LRE Dispute Cont. Moreover, the record demonstrated that outside experts and the district's teachers and specialists believed that this student could not learn satisfactorily in the regular education setting. The outside experts, hearing officer and the district court concluded that the recommended placement presented "reverse mainstream opportunities," which allow for integration into the regular education environment and periodic interaction with nondisabled students and, thus, would provide the student with a free appropriate public education in the least restrictive environment that she could handle. JCAR Cont. of the 2010-2011 school year. By January 1, 2008 each school district must have developed a plan for transition to the use of an RTI process. Case Load and Class Size regulations are replaced with a "Class Load" regulation which goes into effect for the 20092010 school year. Any class which has more than 30% of its students with IEPs is not considered a regular education classroom. Permissible class size is non-categorical and based on the amount of time the disabled student is removed from regular education classes. The current ISBE Case Load/Class Size regulations remain in effect for the 2007-2008 and 20082009 school years. Finally, the ISBE regulations create a new requirement governing "Work Load for Special Educators". Each school is Court Denies District Reimbursement for Juvenile Court's Placement of a Student at a Drug Treatment Facility-- In Antioch Community High School District 117 v. Bd. of Ed. of Proviso Township High School District 209 (May 4, 2007), the Illinois appellate court held that a school district in which a private alcohol and drug treatment facility was located was not entitled to reimbursement from a child's resident school district for the placement of that child at the treatment facility by the juvenile court. In this case, the school district in which the facility was located sued the student's resident district for reimbursement for the placement. The plaintiff district claimed that under a specific provision in the Illinois School Code, resident school districts must pay for educational services for a resident student that is placed in a drug treatment facility. The resident district, however, claimed that because the student was placed in the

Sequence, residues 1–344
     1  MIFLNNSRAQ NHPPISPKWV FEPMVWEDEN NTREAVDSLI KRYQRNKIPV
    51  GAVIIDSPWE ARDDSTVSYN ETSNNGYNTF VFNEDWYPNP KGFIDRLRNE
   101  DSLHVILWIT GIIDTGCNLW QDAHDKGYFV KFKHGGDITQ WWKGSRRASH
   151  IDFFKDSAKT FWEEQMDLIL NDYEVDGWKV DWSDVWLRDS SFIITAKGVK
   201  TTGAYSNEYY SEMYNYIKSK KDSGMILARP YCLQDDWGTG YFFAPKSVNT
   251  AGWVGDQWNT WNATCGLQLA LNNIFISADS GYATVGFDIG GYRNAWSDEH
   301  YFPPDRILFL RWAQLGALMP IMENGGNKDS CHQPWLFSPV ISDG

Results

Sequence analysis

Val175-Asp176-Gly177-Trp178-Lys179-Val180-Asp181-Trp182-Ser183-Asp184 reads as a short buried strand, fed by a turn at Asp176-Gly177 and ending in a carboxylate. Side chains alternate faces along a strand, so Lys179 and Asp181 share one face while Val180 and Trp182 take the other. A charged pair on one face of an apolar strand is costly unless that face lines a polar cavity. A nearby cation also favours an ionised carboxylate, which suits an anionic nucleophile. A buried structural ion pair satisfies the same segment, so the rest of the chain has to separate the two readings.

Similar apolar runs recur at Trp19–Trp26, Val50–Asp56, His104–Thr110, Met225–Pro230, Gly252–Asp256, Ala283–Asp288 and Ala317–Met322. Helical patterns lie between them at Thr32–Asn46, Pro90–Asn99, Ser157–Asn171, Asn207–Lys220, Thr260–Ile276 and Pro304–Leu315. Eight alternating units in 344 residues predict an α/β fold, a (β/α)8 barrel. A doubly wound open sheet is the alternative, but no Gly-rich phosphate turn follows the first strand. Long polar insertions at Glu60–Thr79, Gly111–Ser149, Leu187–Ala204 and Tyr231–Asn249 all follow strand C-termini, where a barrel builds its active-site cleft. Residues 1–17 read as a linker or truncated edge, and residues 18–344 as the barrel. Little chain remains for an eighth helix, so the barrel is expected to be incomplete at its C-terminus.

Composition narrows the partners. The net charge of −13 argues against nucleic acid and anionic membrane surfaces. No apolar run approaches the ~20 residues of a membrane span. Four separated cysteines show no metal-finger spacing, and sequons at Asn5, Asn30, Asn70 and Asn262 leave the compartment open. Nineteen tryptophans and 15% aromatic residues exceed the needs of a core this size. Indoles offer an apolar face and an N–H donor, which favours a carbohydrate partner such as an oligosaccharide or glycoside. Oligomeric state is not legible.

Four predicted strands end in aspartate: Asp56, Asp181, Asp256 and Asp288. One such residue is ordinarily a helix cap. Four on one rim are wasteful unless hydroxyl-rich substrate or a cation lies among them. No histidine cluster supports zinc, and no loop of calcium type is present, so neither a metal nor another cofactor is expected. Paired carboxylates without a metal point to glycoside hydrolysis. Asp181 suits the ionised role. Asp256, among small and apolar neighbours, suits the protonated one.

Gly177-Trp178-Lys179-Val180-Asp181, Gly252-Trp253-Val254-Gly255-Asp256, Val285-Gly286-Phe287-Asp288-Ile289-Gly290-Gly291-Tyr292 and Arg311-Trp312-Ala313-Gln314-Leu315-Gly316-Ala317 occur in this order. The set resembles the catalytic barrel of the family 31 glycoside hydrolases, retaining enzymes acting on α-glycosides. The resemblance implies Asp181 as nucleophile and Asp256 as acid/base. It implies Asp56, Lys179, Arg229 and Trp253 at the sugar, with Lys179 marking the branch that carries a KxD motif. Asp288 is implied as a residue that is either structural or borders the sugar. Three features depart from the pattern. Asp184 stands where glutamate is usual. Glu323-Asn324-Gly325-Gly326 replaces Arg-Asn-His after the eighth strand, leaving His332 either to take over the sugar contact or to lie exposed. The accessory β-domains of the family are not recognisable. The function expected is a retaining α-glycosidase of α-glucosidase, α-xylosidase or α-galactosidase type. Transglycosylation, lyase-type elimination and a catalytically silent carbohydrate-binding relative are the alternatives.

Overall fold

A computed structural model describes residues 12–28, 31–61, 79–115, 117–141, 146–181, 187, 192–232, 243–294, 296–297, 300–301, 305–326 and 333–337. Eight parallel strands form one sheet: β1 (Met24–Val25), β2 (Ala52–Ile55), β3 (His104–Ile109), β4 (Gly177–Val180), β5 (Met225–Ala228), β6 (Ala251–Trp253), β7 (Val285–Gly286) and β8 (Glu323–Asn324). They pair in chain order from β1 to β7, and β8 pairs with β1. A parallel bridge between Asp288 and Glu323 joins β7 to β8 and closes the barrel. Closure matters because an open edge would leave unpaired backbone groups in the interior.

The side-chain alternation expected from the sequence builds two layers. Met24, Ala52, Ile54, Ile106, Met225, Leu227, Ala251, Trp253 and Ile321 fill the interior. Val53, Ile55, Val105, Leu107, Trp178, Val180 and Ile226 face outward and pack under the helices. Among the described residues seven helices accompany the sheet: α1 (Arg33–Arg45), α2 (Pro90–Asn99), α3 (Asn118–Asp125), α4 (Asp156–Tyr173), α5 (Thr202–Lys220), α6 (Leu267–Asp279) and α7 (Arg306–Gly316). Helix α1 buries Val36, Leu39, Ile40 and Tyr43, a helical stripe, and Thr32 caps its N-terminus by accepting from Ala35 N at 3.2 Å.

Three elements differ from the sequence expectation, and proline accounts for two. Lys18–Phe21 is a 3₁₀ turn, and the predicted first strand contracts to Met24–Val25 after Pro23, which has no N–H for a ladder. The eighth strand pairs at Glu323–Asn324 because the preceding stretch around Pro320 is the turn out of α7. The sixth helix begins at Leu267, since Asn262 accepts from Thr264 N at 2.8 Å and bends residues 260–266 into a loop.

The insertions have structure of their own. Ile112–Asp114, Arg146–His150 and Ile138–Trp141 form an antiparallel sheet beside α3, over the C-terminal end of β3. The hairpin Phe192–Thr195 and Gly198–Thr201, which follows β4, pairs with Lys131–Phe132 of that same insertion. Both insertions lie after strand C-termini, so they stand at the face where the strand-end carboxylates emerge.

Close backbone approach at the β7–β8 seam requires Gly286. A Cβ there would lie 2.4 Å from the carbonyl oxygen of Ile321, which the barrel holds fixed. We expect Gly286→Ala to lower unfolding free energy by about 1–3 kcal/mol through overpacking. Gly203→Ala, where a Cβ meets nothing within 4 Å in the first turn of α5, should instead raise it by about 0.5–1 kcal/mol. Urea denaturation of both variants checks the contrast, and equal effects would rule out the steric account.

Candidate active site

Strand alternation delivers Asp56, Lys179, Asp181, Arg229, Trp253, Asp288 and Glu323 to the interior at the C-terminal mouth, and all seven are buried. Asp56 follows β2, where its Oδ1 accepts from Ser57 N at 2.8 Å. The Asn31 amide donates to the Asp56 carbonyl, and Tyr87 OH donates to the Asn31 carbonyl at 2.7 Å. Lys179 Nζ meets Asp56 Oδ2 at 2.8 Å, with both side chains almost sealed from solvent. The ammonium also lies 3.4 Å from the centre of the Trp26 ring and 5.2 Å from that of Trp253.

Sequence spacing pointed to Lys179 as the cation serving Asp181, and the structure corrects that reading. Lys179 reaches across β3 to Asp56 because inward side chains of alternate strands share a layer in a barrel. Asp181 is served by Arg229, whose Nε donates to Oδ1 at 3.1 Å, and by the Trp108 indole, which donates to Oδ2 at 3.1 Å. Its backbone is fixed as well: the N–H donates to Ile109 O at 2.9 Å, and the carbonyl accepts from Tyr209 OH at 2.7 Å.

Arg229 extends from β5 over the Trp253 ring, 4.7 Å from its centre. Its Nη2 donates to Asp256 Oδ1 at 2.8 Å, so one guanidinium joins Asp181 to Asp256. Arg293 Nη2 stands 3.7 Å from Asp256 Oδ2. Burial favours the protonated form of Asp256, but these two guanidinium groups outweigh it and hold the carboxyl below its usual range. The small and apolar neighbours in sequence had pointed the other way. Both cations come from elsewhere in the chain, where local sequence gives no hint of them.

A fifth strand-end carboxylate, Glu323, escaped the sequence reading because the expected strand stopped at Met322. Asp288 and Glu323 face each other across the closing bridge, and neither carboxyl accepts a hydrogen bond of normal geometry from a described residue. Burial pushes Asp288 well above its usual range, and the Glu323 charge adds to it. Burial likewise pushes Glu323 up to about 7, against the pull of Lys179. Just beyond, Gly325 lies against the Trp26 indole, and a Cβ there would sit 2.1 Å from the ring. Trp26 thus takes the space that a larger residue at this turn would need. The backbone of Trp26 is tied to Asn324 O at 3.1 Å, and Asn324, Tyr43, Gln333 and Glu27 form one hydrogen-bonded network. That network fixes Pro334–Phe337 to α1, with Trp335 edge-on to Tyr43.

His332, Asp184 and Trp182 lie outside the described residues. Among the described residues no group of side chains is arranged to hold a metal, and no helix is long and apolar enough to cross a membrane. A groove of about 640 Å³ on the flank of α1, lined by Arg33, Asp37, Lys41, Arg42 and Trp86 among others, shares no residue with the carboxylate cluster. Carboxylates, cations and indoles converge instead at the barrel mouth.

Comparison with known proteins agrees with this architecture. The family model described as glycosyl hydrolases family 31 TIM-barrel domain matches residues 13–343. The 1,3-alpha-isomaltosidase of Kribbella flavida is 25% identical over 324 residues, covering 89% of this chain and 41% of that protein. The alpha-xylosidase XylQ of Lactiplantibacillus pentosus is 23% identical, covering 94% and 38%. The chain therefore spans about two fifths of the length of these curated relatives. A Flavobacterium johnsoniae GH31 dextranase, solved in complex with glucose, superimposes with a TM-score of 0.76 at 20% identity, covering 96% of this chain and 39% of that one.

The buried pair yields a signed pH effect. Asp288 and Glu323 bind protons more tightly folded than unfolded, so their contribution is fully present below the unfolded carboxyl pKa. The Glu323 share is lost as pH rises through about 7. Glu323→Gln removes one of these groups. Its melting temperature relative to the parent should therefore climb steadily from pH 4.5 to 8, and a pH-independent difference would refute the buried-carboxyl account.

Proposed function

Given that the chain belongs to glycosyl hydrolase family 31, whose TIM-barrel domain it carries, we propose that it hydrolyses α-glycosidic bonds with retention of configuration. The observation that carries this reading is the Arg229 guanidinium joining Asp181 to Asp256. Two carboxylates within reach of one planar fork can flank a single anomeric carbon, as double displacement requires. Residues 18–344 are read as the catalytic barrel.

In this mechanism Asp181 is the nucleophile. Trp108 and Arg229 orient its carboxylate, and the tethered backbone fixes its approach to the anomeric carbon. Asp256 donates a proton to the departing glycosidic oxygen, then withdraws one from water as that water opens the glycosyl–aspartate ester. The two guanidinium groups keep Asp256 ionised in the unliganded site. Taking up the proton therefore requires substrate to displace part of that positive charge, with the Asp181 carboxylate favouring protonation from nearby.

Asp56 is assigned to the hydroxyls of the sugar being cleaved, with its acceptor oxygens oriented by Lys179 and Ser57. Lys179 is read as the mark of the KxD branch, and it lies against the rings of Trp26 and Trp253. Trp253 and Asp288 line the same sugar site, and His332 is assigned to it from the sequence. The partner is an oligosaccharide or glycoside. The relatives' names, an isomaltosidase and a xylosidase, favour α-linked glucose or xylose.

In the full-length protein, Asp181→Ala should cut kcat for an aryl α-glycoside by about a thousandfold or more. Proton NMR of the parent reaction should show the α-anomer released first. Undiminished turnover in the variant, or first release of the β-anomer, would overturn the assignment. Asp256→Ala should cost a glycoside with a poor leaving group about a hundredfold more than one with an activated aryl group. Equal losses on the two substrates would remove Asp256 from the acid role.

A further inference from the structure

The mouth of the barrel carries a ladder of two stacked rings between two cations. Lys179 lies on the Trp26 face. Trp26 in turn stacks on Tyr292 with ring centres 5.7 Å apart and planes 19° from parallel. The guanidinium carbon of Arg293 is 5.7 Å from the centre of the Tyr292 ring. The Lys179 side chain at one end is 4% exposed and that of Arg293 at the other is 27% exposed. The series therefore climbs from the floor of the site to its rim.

The parents also alleged that the school district violated IDEA because: (1) the district predetermined its placement decision without input from the parents; and (2) the school district failed to include a transition plan in the student's IEP. Both claims were rejected; however, the court found that the district's failure to include a transition plan, which it did not believe was necessary for the student at the time, constituted a procedural violation of IDEA but did not result in the loss of an educational opportunity for the student. For more information on LRE issues or this litigation, please contact Nancy Krent or John DiJohn. required, in consultation with its labor organization, to develop a work load plan for its special education staff to take effect in the 2009-2010 school year. The regulation defines the activities which must be a subject of the Plan including instruction, consultation, IEP attendance and paperwork. HLERK will discuss the substance and impact of the new regulations at its upcoming IASA sponsored Regional Conferences on Recent Developments in School Law as well as the new HLERK/PDN programs on special education law. In addition, please join Mike Loizzi and Bennett Rodick at the ISBE Special Education Directors Conference on August 2nd where they will conduct a special program on the new Work Load policy requirements. Please contact Bennett Rodick, Nancy Krent or Jay Kraning with questions regarding the impact of the new regulations on your school district/cooperative. facility by the juvenile court and not the resident district, the Juvenile Court Act should apply, rather than the School Code. Under the Juvenile Court Act, the resident district is not obligated to reimburse the district where the facility is located. Additionally, the resident district argued that it knew nothing about the placement and had no opportunity to offer services to the student. The court agreed with the resident district, finding that it did not have to pay for the private placement because the child had been placed in the facility exclusively under the Act. The court relied upon a recent special education case, In re D.D., 212 Ill.2d 410 (2004) in support of its decision, extending that ruling to apply to general education students as well as special education students. For a copy of this decision or with questions, please contact Nancy Krent or Debra Kaplan.